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A diamond is forever, or so they say. But no one wants to pay off a diamond forever. With engagement season in full swing, many are looking for a special sparkler. To get the most for your money, Blue Nile CEO Harvey Kanter shares his secrets to saving hundreds, if not thousands of dollars when shopping for a diamond.
Buy right below the half-carat marks
Diamond prices increase disproportionately at the carat and half-carat marks, so Kanter advises that shoppers try to buy just shy of these critical weights. For example, instead of a one carat diamond, look for a .95. That will save a significant amount of money, and the slight size difference won’t be noticed.
Can you guess which diamond is worth more?
The diamond on the left is a 0.95-carat, Signature Ideal-cut, G-color, VVS1-clarity diamond in a classic six-prong platinum solitaire setting, worth $9,654.
And the diamond on the right is a 1.02, Signature Ideal-cut, D-color, IF-clarity diamond in a classic six-prong platinum solitaire setting, worth $20,357.
Of the 4 C’s, don’t sacrifice on the “cut”
The famous 4 C’s of a diamond include carat, cut, color, and clarity. Of the four, most experts, including Kanter, say cut is critical because it determines a diamond's brilliance, or sparkle. “The greater the cut, the bigger the stone looks,” says Kanter. Even if a diamond has perfect color and clarity, if it has a poor cut, it will appear dull.
Find the “sweet spot” with color and clarity
A diamond’s color grading scale goes from D to Z. “D” is colorless and the best color grade a stone can have, while Z is the worst, with a yellow stain. For the best value, go for a near-colorless stone (graded G or H) instead of the most expensive diamond grades: D, E, and F.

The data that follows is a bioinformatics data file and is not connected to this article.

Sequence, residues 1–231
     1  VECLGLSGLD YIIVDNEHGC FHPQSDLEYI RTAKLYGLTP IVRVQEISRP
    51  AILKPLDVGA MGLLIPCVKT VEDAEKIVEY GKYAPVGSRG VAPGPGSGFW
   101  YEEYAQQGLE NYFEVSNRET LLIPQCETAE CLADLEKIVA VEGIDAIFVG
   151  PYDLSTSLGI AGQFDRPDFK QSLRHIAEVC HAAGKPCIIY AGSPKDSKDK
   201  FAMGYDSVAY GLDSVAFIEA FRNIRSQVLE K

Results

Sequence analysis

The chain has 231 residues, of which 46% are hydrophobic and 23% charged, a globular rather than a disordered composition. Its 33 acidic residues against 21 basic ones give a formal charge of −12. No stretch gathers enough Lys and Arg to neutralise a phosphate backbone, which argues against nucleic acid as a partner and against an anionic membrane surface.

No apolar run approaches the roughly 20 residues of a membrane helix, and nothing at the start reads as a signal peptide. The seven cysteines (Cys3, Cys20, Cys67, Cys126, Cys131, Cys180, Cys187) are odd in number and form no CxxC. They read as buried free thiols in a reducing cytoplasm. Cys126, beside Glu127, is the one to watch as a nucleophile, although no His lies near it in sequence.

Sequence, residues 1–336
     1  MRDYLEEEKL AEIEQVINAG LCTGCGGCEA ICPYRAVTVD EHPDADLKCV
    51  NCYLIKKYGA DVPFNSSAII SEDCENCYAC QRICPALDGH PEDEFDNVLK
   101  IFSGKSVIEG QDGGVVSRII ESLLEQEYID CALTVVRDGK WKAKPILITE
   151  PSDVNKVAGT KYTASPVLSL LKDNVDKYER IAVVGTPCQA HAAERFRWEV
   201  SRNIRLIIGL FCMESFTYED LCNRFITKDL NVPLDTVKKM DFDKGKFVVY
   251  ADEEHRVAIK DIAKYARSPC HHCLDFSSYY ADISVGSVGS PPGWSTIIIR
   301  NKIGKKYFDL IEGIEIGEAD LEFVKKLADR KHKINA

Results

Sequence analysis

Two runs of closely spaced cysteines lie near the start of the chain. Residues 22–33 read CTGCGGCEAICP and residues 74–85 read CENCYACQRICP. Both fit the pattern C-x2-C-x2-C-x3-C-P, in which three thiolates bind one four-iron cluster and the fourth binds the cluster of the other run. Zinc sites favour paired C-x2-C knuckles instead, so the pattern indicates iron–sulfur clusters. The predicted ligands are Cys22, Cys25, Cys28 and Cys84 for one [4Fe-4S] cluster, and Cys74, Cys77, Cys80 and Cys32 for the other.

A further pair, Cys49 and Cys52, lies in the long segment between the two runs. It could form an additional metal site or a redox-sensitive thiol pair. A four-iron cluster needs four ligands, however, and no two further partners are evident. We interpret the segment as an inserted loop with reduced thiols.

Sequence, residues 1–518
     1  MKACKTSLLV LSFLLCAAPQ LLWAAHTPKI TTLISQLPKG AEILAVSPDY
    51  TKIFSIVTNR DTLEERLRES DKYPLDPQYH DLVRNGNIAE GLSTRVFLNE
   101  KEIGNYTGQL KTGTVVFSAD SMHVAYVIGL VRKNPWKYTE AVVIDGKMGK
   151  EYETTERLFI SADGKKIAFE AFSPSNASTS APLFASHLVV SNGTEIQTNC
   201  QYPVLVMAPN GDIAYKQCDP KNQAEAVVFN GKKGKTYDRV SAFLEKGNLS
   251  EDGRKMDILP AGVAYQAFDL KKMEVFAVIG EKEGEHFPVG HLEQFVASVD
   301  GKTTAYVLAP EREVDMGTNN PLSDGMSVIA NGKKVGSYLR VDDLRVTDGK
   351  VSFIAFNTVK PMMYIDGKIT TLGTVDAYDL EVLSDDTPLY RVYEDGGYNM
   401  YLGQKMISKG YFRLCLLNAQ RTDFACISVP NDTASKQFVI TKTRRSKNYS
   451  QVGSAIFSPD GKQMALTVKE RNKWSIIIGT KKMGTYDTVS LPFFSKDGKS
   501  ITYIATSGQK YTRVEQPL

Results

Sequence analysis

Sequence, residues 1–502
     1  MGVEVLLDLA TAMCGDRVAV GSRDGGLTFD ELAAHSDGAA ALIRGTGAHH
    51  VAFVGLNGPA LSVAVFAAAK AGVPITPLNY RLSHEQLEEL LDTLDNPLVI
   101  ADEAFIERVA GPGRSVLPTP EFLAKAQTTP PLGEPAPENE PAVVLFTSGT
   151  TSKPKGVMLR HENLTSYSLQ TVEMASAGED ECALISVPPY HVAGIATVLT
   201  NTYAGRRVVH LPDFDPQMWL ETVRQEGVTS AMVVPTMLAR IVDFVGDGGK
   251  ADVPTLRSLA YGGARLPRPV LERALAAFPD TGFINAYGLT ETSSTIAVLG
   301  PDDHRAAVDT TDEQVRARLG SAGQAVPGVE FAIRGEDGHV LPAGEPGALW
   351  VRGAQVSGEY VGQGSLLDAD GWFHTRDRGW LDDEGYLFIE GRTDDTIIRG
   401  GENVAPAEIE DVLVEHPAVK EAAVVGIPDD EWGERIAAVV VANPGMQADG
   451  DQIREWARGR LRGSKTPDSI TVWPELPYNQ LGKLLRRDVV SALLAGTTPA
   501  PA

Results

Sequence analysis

The more inclusions or imperfections a stone has can decrease the clarity of a diamond. But at a certain point the human eye cannot detect the difference in grades. Instead of going for a flawless diamond, shop for an eye-clean stone graded with very slight inclusions “VS1” or “VS2.”
Ignore absurd spending rules
Buying a diamond is just the beginning of what can be a very expensive wedding process, so know what you can comfortably afford to spend. Spending three month’s salary on a ring is all marketing, says Kanter. Shoppers should set a budget and do whatever it takes to stick to it.
Use your phone to comparison shop
Don’t be afraid to take your phone out while you’re shopping. Smart consumers research what they want, ask for certifications from the Gemological Institute of America (GIA), and compare what they see in a store to prices online.
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Want to share your secret to saving on diamonds? Share them with us YFmoneymailbag@yahoo.com.
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